Mentions: Finally, we examined the role played by LTB4, one of the major chemoattractants in acute inflammation, on ERK activity and the neutrophil recruitment cascade. Neutrophils express the high-affinity receptor for LTB4, BLT1, which is coupled with the heterotrimeric Gi or Gq protein (Yokomizo et al., 1997). We could not observe any effect of either LTB4 or an LTB4 receptor antagonist, LY293111, on the PKA activity in neutrophils (not depicted), suggesting that the effect of BLT1-mediated PKA inhibition is weak in neutrophils. In contrast, upon intravenous injection of LTB4, we observed a surge in ERK activity followed by rapid suppression (Fig. 7, A and B). The ERK activity correlated positively with the migration velocity of the interstitial neutrophils (Fig. 7 C). Next, LTB4 signaling was abrogated by an LTB4 receptor antagonist, LY293111. Upon intravenous injection of LY293111, ERK activity was gradually decreased in the interstitial neutrophils (Fig. 7, D and E). LY293111 significantly decreased the fraction of neutrophils in the crawling step and thereafter (Fig. 7 F) and inhibited the migration velocity of the interstitial neutrophils (Fig. 7 G). These results suggest that LTB4 drives neutrophil emigration from the venules and migration in the interstitial tissues and that LTB4 was the canonical ERK activator of the neutrophils in the LPS-induced enteritis model. In conclusion, in vivo FRET imaging has revealed that Gi-coupled LTB4 activates ERK and transduces a “go” signal to neutrophils, whereas Gs-coupled EP4 activates PKA and thereby puts the brakes on neutrophil migration by suppressing ERK activity (Fig. 7 H).


In vivo imaging reveals PKA regulation of ERK activity during neutrophil recruitment to inflamed intestines.

Mizuno R, Kamioka Y, Kabashima K, Imajo M, Sumiyama K, Nakasho E, Ito T, Hamazaki Y, Okuchi Y, Sakai Y, Kiyokawa E, Matsuda M - J. Exp. Med. (2014)

Effect of LTB4 and an LTB4 receptor antagonist on the ERK activity and the neutrophil recruitment. (A) FRET and CFP images of the lamina propria of the intestinal mucosa in Eisuke mice. The top left panel shows a schematic view of this image. At time 0 during time-lapse imaging, LTB4 was injected intravenously at 7.5 µg/kg. Gamma, 1.14. Image is a representative view field of a mouse in three independent experiments. (B) Time courses of the ERK activity of intravascular and interstitial neutrophils plotted against time. 10 neutrophils in each of three mice were randomly selected in the CFP images and examined for ERK activity in the corresponding FRET/CFP ratio image. Error bars indicate the one SD. (C) Migration velocity of interstitial neutrophils was measured before and after LTB4 treatment. 20 neutrophils each from three mice were randomly selected in the CFP images and examined for migration velocity during 5-min time-lapse imaging. Dots and bars indicate the migration velocity of each neutrophil and the mean values, respectively. **, P < 0.01; ***, P < 0.001 (Mann–Whitney U test). (D) FRET and CFP images in Eisuke mice. The bottom left panel shows a schematic view of this image. Cr, crypt; Ly, lymphatic vessel; Ve, venule. At time 0 during time-lapse imaging, LY293111, an LTB4 receptor antagonist, was injected intravenously at 4 mg/kg. Gamma, 1.7. Image is a representative view field of a mouse in three independent experiments. Bars: (A) 50 µm; (D) 30 µm. (E) Time courses of the ERK activity of intravascular and interstitial neutrophils plotted against time. 10 neutrophils in each of three mice were randomly selected in the CFP images and examined for ERK activity in the corresponding FRET/CFP ratio image. Error bars indicate the one SD. (F) Neutrophils on the endothelial cells were classified into the four steps of the recruitment cascade before and after LY293111 treatment. Before and after LY293111 injection, 428 and 386 neutrophils, respectively, were scored in three mice. Error bars indicate SD. *, P < 0.05; **, P < 0.01 (Student’s t test). (G) Effect of LY293111 on the migration velocity of interstitial neutrophils. 20 neutrophils in each of three mice were randomly chosen in the CFP images at −20 and 20 min, and the migration velocity of each neutrophil was measured. Red bars indicate mean values. ***, P < 0.001 (Mann–Whitney U test). (H) Schematic view of the regulation of neutrophil migration. ERK plays a central role in controlling cell migration, whereas PKA regulates cell migration via ERK regulation.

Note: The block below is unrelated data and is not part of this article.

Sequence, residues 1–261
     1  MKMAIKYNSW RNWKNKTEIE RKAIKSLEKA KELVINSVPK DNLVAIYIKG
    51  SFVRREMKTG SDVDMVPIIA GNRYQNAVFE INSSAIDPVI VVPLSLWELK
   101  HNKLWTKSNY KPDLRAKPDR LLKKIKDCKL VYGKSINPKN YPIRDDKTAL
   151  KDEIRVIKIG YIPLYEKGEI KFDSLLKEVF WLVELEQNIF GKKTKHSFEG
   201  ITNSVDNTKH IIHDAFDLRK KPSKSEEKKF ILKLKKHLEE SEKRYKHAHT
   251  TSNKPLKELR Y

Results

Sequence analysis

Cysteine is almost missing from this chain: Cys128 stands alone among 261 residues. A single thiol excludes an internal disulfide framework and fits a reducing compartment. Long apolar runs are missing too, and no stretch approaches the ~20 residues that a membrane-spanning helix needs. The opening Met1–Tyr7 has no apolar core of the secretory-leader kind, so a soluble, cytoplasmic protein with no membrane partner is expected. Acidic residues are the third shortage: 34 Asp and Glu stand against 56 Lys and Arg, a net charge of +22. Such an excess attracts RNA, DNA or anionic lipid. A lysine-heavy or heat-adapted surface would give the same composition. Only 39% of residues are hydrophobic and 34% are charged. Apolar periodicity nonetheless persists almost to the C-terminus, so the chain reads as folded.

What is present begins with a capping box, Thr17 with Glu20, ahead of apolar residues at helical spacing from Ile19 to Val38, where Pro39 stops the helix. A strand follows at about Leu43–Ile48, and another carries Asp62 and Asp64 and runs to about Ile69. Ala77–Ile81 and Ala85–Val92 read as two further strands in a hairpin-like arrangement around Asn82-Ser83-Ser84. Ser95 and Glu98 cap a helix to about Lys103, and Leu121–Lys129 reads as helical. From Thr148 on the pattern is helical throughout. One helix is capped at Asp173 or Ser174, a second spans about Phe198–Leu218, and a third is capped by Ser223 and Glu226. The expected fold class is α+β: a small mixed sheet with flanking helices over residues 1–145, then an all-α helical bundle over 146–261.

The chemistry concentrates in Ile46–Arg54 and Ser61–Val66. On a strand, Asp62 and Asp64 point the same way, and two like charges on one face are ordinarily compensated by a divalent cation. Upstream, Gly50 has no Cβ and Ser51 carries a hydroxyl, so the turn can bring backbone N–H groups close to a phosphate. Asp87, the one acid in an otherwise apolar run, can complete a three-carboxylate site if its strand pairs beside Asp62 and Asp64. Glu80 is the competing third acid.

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fig7: Effect of LTB4 and an LTB4 receptor antagonist on the ERK activity and the neutrophil recruitment. (A) FRET and CFP images of the lamina propria of the intestinal mucosa in Eisuke mice. The top left panel shows a schematic view of this image. At time 0 during time-lapse imaging, LTB4 was injected intravenously at 7.5 µg/kg. Gamma, 1.14. Image is a representative view field of a mouse in three independent experiments. (B) Time courses of the ERK activity of intravascular and interstitial neutrophils plotted against time. 10 neutrophils in each of three mice were randomly selected in the CFP images and examined for ERK activity in the corresponding FRET/CFP ratio image. Error bars indicate the one SD. (C) Migration velocity of interstitial neutrophils was measured before and after LTB4 treatment. 20 neutrophils each from three mice were randomly selected in the CFP images and examined for migration velocity during 5-min time-lapse imaging. Dots and bars indicate the migration velocity of each neutrophil and the mean values, respectively. **, P < 0.01; ***, P < 0.001 (Mann–Whitney U test). (D) FRET and CFP images in Eisuke mice. The bottom left panel shows a schematic view of this image. Cr, crypt; Ly, lymphatic vessel; Ve, venule. At time 0 during time-lapse imaging, LY293111, an LTB4 receptor antagonist, was injected intravenously at 4 mg/kg. Gamma, 1.7. Image is a representative view field of a mouse in three independent experiments. Bars: (A) 50 µm; (D) 30 µm. (E) Time courses of the ERK activity of intravascular and interstitial neutrophils plotted against time. 10 neutrophils in each of three mice were randomly selected in the CFP images and examined for ERK activity in the corresponding FRET/CFP ratio image. Error bars indicate the one SD. (F) Neutrophils on the endothelial cells were classified into the four steps of the recruitment cascade before and after LY293111 treatment. Before and after LY293111 injection, 428 and 386 neutrophils, respectively, were scored in three mice. Error bars indicate SD. *, P < 0.05; **, P < 0.01 (Student’s t test). (G) Effect of LY293111 on the migration velocity of interstitial neutrophils. 20 neutrophils in each of three mice were randomly chosen in the CFP images at −20 and 20 min, and the migration velocity of each neutrophil was measured. Red bars indicate mean values. ***, P < 0.001 (Mann–Whitney U test). (H) Schematic view of the regulation of neutrophil migration. ERK plays a central role in controlling cell migration, whereas PKA regulates cell migration via ERK regulation.